Moisture absorption and drying alter nonadditive litter flammability in a mixed conifer forest

Rita Quinones de Magalhães, Dylan W. Schwilk

Research output: Contribution to journalArticlepeer-review

1 Scopus citations

Abstract

Moisture content is a strong determinant of forest fuel flammability. However, little is known about the mechanisms by which species-specific litter traits influence litter moisture absorption and retention. Characterizing how litter fuels retain moisture through time and how fuels from multiple species interact are key steps to adding taxon-specific information to fire behaviour prediction. To fill these gaps in knowledge, we determined moisture absorption and retention characteristics of the litter from multiple tree species, investigated what litter traits influenced these processes and tested for nonadditive moisture dynamics and nonadditive flammability in multi-species mixtures. The litter from eight tree species of a mixed conifer forest was saturated and allowed to dry to determine moisture absorption capacity and drying rates. Burn trials were performed in litter beds of single species and of mixtures to establish flammability response to the dry-down process and to species interactions. Litter mixtures exhibited nonadditivity in flame spread rate and in fuel consumption. This nonadditivity became more positive with fuel drying. Moisture dynamics varied across species with higher specific leaf area being associated with higher maximum absorption and lower litter bulk density being associated with faster drying rates. We found that these differing moisture dynamics resulted in time since wetting having strongly differing effects on flammability across the major litter types typified by different tree taxa. Synthesis. This study is the first to examine ecologically relevant drying rates and their interaction with nonadditive mixture effects on flammability. We find that taxon specific patterns of moisture absorption and drying change flammability rankings under moist compared with dry fuels because traits that increase flame spread rate increase water absorption. Litter mixtures generally burn with fire behaviour more similar to that of the most flammable constituent species and this effect increases as fuels dry.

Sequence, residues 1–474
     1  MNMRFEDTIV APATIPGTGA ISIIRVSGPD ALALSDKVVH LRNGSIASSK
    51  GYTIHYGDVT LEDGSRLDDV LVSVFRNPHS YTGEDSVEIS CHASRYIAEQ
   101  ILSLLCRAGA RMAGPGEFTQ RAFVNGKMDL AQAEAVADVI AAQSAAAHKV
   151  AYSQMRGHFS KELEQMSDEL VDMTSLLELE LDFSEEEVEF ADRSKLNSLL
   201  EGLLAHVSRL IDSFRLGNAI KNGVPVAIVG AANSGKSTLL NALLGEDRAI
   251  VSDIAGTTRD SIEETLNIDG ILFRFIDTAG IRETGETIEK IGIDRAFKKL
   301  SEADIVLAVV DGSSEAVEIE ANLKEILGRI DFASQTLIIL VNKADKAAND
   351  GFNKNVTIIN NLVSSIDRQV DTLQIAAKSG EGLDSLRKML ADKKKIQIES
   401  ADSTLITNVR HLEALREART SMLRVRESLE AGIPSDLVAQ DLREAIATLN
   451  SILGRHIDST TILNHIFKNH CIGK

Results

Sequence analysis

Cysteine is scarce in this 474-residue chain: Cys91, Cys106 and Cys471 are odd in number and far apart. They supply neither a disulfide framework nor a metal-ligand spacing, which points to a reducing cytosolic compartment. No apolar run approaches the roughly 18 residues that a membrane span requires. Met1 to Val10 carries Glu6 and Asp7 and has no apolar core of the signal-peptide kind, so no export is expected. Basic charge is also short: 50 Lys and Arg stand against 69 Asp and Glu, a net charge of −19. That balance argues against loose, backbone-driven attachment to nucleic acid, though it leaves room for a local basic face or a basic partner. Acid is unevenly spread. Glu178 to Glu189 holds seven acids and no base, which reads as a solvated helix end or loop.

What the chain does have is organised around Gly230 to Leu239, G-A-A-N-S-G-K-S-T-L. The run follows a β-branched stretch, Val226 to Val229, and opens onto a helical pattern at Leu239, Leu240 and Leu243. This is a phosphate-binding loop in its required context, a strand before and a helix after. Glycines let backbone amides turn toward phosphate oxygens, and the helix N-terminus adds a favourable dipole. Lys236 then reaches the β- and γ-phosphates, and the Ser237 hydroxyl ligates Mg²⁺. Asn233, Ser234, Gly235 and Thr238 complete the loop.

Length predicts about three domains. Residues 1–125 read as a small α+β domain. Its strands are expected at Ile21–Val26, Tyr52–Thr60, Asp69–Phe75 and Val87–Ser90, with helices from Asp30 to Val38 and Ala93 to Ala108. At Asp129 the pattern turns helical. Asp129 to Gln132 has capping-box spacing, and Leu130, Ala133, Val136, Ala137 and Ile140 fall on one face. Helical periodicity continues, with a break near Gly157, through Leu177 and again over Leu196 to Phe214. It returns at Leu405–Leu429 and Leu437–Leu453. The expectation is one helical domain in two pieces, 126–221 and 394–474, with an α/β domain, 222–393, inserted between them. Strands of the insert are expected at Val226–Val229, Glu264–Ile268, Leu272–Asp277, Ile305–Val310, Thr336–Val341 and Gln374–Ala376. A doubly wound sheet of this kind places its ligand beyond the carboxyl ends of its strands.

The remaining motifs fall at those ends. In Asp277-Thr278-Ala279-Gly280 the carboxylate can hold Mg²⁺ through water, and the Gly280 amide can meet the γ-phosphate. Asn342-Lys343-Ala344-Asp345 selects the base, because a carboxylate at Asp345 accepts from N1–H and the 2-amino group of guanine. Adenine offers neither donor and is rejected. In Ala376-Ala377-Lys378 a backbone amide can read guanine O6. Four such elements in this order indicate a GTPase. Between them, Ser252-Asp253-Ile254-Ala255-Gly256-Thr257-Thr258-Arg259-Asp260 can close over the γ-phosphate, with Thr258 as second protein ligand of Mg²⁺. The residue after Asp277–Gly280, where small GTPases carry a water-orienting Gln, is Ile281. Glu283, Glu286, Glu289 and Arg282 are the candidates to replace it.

Original languageEnglish
Pages (from-to)234-245
Number of pages12
JournalJournal of Ecology
Volume109
Issue number1
DOIs
StatePublished - Jan 2021

Keywords

  • California
  • fire
  • flame spread rate
  • flammability
  • fuel consumption
  • fuel moisture
  • leaf litter
  • nonadditivity

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